Amazon, Apple and Google all employ staffs who listen to customer voice recordings from their smart speakers and voice assistant apps. News site Bloomberg highlighted the topic after speaking to Amazon staff who reviewed Alexa recordings.
All three companies say voice recordings are occasionally reviewed to improve speech recognition. But the reaction to the Bloomberg article suggests many customers are unaware that humans may be listening.
The news site said it had spoken to seven people who reviewed audio from Amazon Echo smart speakers and the Alexa service.
Reviewers typically transcribed and annotated voice clips to help improve Amazon's speech recognition systems. Amazon's voice recordings are associated with an account number, the customer's first name and the serial number of the Echo device used.
Some of the reviewers told Bloomberg that they shared amusing voice clips with one another in an internal chat room. They also described hearing distressing clips such as a potential sexual assault. However, they were told by colleagues that it was not Amazon's job to intervene.
The terms and conditions for Amazon's Alexa service state that voice recordings are used to answer your questions, fulfill your requests, and improve your experience and our services. Human reviewers are not explicitly mentioned.
In a statement, Amazon said it took security and privacy seriously and only annotated an extremely small sample of Alexa voice recordings.
This information helps us train our speech recognition and natural language understanding systems, so Alexa can better understand your requests, and ensure the service works well for everyone, it said in a statement.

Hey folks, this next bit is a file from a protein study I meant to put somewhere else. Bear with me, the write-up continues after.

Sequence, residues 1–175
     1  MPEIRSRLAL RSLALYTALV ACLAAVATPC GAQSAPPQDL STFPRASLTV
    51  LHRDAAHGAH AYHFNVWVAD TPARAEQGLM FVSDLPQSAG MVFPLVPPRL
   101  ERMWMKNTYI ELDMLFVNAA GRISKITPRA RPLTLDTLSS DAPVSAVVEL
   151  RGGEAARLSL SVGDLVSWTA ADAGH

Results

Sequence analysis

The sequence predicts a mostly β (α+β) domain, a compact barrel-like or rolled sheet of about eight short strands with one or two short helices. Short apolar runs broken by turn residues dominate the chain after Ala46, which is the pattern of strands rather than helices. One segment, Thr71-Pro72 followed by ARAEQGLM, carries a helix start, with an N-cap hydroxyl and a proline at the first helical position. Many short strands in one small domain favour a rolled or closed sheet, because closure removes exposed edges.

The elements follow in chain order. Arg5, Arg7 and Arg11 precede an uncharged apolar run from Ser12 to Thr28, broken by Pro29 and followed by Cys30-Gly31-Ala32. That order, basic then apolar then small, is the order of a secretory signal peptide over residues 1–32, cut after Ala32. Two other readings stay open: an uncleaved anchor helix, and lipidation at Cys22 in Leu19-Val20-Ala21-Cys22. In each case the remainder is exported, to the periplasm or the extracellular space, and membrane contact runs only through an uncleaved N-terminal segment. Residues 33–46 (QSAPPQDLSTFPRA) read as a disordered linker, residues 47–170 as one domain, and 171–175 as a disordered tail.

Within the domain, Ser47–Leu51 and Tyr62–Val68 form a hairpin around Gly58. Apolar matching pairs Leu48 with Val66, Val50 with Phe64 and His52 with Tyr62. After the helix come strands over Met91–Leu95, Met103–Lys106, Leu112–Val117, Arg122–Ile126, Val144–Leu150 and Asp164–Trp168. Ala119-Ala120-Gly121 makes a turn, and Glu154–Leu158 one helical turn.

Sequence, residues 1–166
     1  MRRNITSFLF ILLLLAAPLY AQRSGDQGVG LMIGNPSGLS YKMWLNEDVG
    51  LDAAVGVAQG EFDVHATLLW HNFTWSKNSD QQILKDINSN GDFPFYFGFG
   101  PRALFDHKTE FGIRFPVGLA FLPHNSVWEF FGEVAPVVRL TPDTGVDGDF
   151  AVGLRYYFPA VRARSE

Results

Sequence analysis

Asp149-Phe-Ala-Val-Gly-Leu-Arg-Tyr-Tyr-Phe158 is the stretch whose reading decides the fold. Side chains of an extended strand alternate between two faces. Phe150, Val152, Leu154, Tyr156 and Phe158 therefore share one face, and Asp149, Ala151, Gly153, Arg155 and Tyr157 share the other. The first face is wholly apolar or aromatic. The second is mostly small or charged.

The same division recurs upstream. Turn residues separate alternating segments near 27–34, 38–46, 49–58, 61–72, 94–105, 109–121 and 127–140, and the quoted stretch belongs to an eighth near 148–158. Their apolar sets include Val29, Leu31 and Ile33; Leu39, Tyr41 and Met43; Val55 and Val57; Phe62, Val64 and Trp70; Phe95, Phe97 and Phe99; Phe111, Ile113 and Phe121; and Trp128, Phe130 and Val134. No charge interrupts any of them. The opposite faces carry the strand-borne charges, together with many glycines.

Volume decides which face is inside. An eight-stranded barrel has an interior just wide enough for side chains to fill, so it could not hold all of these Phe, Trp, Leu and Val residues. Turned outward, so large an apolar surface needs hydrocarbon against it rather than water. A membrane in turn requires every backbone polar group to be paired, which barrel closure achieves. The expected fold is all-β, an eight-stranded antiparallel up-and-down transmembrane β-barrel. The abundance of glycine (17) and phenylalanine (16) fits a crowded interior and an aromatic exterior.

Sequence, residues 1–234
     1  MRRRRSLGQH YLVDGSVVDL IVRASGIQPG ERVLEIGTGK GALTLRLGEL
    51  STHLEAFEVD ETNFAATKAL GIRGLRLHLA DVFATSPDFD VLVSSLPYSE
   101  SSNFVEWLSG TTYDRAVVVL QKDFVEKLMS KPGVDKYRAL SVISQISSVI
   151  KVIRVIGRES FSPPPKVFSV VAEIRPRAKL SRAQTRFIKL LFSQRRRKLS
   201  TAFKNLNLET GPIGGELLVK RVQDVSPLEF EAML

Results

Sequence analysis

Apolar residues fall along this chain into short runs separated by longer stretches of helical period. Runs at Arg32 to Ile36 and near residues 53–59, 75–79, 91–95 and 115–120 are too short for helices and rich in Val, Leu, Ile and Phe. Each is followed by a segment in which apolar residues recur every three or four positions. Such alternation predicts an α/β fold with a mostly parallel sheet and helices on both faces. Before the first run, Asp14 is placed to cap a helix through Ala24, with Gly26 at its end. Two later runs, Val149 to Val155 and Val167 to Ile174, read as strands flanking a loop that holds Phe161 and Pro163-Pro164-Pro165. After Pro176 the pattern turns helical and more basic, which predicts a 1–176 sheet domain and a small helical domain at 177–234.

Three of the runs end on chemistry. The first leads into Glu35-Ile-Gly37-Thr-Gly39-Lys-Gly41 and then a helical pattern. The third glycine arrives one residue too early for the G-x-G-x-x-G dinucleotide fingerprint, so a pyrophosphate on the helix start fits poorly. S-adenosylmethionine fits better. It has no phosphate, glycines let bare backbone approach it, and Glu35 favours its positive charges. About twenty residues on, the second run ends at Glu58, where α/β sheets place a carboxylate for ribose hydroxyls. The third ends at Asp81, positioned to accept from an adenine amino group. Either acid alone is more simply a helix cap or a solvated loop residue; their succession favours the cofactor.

We have strict technical and operational safeguards, and have a zero tolerance policy for the abuse of our system. Employees do not have direct access to information that can identify the person or account as part of this workflow.
Apple also has human reviewers who make sure its voice assistant Siri is interpreting requests correctly. Siri records voice commands given through the iPhone and HomePod smart speaker.
According to Apple's security policy, voice recordings lack personally identifiable information and are linked to a random ID number, which is reset every time Siri is switched off.
Any voice recordings kept after six months are stored without the random ID number. Its human reviewers never receive personally identifiable information or the random ID.
Google said human reviewers could listen to audio clips from its Assistant, which is embedded in most Android phones and the Home speaker.
It said clips were not associated with personally identifiable information and the company also distorted the audio to disguise the customer's voice.
A common fear is that smart speakers are secretly recording everything that is said in the home. While smart speakers are technically always hearing, they are typically not listening to your conversations.
All the major home assistants record and analyze short snippets of audio internally, in order to detect a wake word such as Alexa, Ok Google or Hey Siri. If the wake word is not heard, the audio is discarded.
But if the wake word is detected, the audio is kept and recording continues so that the customer's request can be sent to the voice recognition service.
It would be easy to detect if a speaker was continuously sending entire conversations back to a remote server for analysis, and security researchers have not found evidence to suggest this is happening.